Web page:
The showbizzy Carmen production of 2015 was wisely jettisoned for Lyric’s aging but functional Robin Don staging. If the quasi-unit set is a bit monotonous, it doesn’t get in the way, effectively painting a dusty Spanish milieu, with a towering mountain crag providing visual contrast.

While not showing much imagination, Marie Lambert-Le Bihan directed the traditional production competently, which, for stage direction at Lyric, means an improvement.

The Lyric Opera Orchestra sounded almost audibly dispirited under Nanasi, but still performed with polished professionalism with notable horn and flute solos.

The most consistent element of the performance was the gleaming ensemble work of the Lyric Opera Chorus, which sang with striking power and resplendence under Michael Black’s direction.

Carmen runs through April 7. lyricopera.org

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3 Responses to “Dramatic sparks are few in Lyric Opera’s low-energy “Carmen””

  1. Posted Mar 16, 2023 at 12:18 pm by John

    How much more of this incompetent Lyric management can we endure before the company is ruined? I’ve never seen a company fall so fast.

  2. Posted Mar 23, 2023 at 3:22 pm by Sylvia

    This review seems overly harsh. Yes, the performance did not have any high voltage moments, but it was very coherent, well staged, with good rhythm, and sung capably by all the singers. There was some good acting too, especially by J’nai Bridges.

    What Chicago needs is criticism that is neither too harsh, like this one, or too indulgent like the one in the Trib. It’s unfortunate if the reviews by Mr. Johnson (he’s been harsh before in previous reviews) discourage people from going to the Lyric.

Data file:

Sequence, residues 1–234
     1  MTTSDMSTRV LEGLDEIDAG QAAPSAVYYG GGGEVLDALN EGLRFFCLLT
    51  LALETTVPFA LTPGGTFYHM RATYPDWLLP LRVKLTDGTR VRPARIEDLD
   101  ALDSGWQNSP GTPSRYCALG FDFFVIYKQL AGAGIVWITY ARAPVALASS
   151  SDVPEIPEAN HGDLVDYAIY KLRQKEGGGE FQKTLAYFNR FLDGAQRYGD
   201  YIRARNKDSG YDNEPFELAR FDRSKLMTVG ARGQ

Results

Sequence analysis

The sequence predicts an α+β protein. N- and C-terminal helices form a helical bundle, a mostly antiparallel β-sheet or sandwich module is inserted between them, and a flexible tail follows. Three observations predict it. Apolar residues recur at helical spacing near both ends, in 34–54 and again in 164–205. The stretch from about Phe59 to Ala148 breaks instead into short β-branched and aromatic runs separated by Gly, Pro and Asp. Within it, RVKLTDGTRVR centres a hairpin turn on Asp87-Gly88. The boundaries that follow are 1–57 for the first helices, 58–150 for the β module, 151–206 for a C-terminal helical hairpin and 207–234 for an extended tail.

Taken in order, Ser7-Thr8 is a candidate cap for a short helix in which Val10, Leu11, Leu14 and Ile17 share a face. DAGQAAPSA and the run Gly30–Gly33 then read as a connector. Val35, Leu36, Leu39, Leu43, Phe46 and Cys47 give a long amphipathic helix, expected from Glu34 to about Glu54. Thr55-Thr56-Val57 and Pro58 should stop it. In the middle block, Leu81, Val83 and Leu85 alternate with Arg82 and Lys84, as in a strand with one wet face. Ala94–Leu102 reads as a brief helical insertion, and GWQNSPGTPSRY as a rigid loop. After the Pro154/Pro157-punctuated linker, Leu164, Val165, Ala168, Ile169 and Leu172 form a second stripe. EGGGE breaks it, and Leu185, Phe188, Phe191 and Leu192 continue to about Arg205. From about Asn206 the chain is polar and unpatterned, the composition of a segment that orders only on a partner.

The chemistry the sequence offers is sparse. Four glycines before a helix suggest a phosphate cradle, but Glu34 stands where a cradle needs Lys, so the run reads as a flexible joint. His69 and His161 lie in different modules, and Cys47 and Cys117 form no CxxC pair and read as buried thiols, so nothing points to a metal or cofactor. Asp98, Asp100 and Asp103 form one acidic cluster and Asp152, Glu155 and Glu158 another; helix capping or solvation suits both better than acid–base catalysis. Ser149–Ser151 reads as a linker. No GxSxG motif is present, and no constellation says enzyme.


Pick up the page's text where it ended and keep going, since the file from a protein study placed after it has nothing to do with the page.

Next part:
3. Posted Mar 26, 2023 at 9:32 am by June

    After attending Saturday night’s performance, I found this review because I couldn’t wait to see if it was “just me.” I felt that the conductor really fell short and provided little spark to what should have been an amazing score. The stage was packed at times, but even with a large ensemble, I only felt that vocal punch once or twice in 3 1/2 hours. Golda Schultz got the largest ovation from the crowd, and I too, felt her performance was spectacular.

    While I will always enjoy a night at the opera, this performance was overall flat and unfortunately, failed to keep my attention at all times. I completely agree that some of the turning points (Carmen drawing the death card) weren’t nearly as amplified in the story as they should’ve been. I was also wondering a time or two if the sound could have been projected louder. From only the first row of the first mezzanine, I heard everything fine but that moment of *chills* never arrived despite an enormous ensemble. The children were a delightful surprise!

    If you’re considering Carmen for your very first opera, I think this is a pass. If you’re going for the love of the opera, you’ll have a nice time but a slight adjustment to your expectations would be wise.